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‘I feel like we choked’: Ex-Obama official haunted by failure to stop Russia’s interference

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Former President Barack Obama’s handling of Russian interference in the 2016 presidential election has been a major topic of debate, as even some of his allies have criticized him for not doing more to stop it.

A new Washington Post report offers an in-depth look at how Obama dealt with Russia’s efforts to help Donald Trump get elected president, and one former Obama administration official says that he is haunted by the administration’s failure to do more.

“It is the hardest thing about my entire time in government to defend,” the official told the Post. “I feel like we sort of choked.”

Michael McFaul, who served as the Obama administration’s ambassador to Russia from 2012 to 2014, said that Obama’s decision to expel Russian diplomats from the United States and to level harsher sanctions against the country in December 2016 was far too small of an action given the scope of what the Russians had done.

“The punishment did not fit the crime,” he told the Post. “Russia violated our sovereignty, meddling in one of our most sacred acts as a democracy — electing our president. The Kremlin should have paid a much higher price for that attack. And U.S. policymakers now — both in the White House and Congress — should consider new actions to deter future Russian interventions.”

Another unnamed administration official, however, tells the Post that the administration figured that it could wait until after the election to level punishments against Russia because it had to concentrate its resources on making sure the Russians weren’t able to breach into electronic voting systems to alter vote totals.

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“Our primary interest in August, September and October was to prevent them from doing the max they could do,” the official said. “We made the judgment that we had ample time after the election, regardless of outcome, for punitive measures.”

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Rep. Ted Lieu asks special counsel to bring the hammer down on Jared Kushner for Hatch Act violations

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Rep. Ted Lieu (D-CA) and Rep. Don Beyer (D-VA) have asked the Office of Special Counsel to open an investigation into Jared Kushner for alleged violations of the Hatch Act.

According to the congressmen, Kushner violated the law by "engaging in prohibited campaign fundraising activities."

Reports have suggested that Kushner has used his official role in the White House to aid President Donald Trump's reelection effort.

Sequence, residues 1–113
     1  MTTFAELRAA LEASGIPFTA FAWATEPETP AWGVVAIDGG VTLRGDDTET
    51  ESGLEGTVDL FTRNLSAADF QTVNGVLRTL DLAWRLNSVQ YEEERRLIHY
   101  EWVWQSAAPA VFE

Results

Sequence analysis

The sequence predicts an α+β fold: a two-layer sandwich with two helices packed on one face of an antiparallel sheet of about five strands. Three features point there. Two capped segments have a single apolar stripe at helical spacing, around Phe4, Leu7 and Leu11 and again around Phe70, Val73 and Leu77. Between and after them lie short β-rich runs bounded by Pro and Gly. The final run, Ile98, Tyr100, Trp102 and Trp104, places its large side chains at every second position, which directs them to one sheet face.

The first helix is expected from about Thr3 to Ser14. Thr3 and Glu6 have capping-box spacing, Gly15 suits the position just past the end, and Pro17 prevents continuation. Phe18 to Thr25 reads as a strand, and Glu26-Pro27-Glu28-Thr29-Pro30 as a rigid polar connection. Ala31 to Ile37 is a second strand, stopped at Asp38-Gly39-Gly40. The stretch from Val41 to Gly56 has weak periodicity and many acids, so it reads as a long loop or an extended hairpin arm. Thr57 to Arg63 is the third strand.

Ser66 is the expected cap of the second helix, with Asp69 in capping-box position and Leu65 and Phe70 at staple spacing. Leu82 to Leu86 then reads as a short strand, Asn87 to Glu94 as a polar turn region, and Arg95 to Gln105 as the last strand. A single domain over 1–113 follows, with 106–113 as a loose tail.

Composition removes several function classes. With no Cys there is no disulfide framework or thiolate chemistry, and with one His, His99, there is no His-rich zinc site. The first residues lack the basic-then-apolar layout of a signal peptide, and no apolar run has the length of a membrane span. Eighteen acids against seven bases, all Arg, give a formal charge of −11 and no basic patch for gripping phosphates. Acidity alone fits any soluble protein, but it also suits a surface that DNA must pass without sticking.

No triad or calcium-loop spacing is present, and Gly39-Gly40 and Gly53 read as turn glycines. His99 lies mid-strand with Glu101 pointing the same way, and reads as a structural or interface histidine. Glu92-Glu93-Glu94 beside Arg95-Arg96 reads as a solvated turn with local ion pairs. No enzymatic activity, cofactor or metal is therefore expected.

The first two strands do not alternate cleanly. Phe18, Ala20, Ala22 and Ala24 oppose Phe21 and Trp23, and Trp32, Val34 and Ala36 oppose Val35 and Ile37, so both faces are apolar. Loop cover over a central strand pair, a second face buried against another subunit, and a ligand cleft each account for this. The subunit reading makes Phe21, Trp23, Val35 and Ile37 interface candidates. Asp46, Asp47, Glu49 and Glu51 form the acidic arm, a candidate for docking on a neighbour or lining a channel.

NEW: @RepDonBeyer & @RepTedLieu ask Office of Special Counsel to investigate whether WH senior advisor Jared Kushner has violated Hatch Act by “engaging in prohibited campaign fundraising activities,” citing news reports Kushner used his official office to aid Trump's campaign.

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‘Black students don’t tip’: Texas restaurant says forcing African-American kids to pay gratuity is not racist

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A restaurant in Cypress, Texas has come under fire after an employee allegedly said that black students "don't tip."

Brittany Blakney told KPRC that she and her friends went to Locatelli’s restaurant to celebrate graduating from Prairie View A&M University.

Blakney said that she was surprised to find out that the server had already added a 15% gratuity to her check.

“He said, 'Black students from Prairie View don’t tip,'” she recalled.

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Supreme Court rejects Virginia GOP’s last-ditch attempt to block fair legislative elections

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On Monday, the Supreme Court handed down their decision in Virginia House of Delegates v. Bethune-Hill, shutting down the Virginia GOP's last ditch effort to rig the upcoming state legislative election taking place this November.

In 5-4 decision, the justices held that the House of Delegates has no standing to appeal the decision made by the lower court. The vote broke along unusual lines, with Justice Ruth Bader Ginsburg writing for a majority with Justices Sonia Sotomayor, Elena Kagan, Clarence Thomas, and Neil Gorsuch, and Justice Samuel Alito writing a dissent joined by Chief Justice John Roberts and Justices Stephen Breyer and Brett Kavanaugh.

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